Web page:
By Kelly Phillips Erb
More than 14 million taxpayers (including me) requested an extension to file their federal income tax return this year. There's just about a week to finish up: October 15 is the last day for most people to file their tax returns for 2018.
Even though filing with an extension isn’t hard, taxpayers can still get caught up in the details as the date approaches. Here are the answers to some of the most popular questions about extensions:
Why isn’t the deadline October 17? I know it’s confusing. Extensions give you six more months to file. And this year, Tax Day fell on Tuesday, April 17 (here’s why). But those extra days in April don’t translate to extra days in October. The deadline is still October 15, six months from the normal Tax Day.
Can you e-file your extended tax return? Yes, you can e-file your tax return with your tax professional, by using your regular tax software, or Internal Revenue Service (IRS) e-file and Free File. If you want to file by paper, you can download your form 1040 as a pdf here.
If I file by mail, where should I file my return? Not all returns go to the same mailing address. Where you file depends on the kind of return, whether you owe taxes and what kind of delivery service you're using. Read the instructions carefully. You can find out where to mail your form 1040 here.
Remember, your return is only considered timely filed if it’s mailed to the right place by the due date so double check those addresses. You’ll also want to make sure you have the correct postage.
Does filing an extension give me any extra time to fund my retirement plan? Maybe. Self-employed persons have the opportunity to fund a SEP-IRA, solo 401(k) or SIMPLE-IRA plan through the extension date (for more on retirement accounts for the self-employed and small businesses, click here). Check with your tax professional for details.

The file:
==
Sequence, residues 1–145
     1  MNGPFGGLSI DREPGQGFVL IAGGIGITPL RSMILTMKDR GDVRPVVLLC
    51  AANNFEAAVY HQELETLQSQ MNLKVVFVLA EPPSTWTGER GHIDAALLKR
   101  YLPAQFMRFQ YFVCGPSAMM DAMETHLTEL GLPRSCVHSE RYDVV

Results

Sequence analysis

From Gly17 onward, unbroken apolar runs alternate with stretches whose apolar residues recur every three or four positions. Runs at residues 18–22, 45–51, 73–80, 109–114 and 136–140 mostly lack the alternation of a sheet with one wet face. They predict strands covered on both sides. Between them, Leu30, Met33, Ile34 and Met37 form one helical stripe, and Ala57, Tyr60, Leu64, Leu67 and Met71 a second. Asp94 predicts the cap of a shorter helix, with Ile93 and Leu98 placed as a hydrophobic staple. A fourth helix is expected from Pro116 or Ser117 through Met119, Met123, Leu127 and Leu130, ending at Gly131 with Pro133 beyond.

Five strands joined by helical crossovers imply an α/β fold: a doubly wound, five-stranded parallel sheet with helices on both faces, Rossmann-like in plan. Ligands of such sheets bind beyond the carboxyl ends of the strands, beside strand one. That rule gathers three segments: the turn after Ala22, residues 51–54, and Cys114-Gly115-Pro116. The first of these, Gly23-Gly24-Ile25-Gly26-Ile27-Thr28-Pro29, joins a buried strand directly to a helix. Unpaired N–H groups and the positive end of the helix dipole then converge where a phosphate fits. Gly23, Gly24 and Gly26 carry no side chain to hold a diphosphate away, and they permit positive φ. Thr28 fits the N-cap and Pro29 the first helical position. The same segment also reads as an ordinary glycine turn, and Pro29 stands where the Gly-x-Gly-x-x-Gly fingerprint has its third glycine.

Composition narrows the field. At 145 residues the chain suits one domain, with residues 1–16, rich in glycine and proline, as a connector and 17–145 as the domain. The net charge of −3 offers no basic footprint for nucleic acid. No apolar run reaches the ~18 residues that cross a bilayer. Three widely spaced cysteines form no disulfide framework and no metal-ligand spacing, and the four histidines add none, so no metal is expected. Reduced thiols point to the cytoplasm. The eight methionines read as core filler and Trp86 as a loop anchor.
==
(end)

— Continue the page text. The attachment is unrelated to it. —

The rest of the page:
What about funding my IRA? Typically, your IRA must be funded by Tax Day (the April deadline). But, there’s still some planning that you can do with an extension: You can re-characterize your traditional IRA contribution as a Roth IRA or your Roth IRA contribution as a traditional IRA contribution. The IRA rules can be tricky so again, check with your tax professional for details.
Wait. You said “most people” must file by October 15. Who gets more time? Some extensions are automatic, including:
Members of the military and others serving in combat zones or hazardous zone areas generally have until at least 180 days after they leave the zone to file returns and pay any taxes due.
Taxpayers affected by natural disasters may have extra time. In particular, the IRS has extended the deadline for taxpayers in California, North Carolina and South Carolina, and Texas.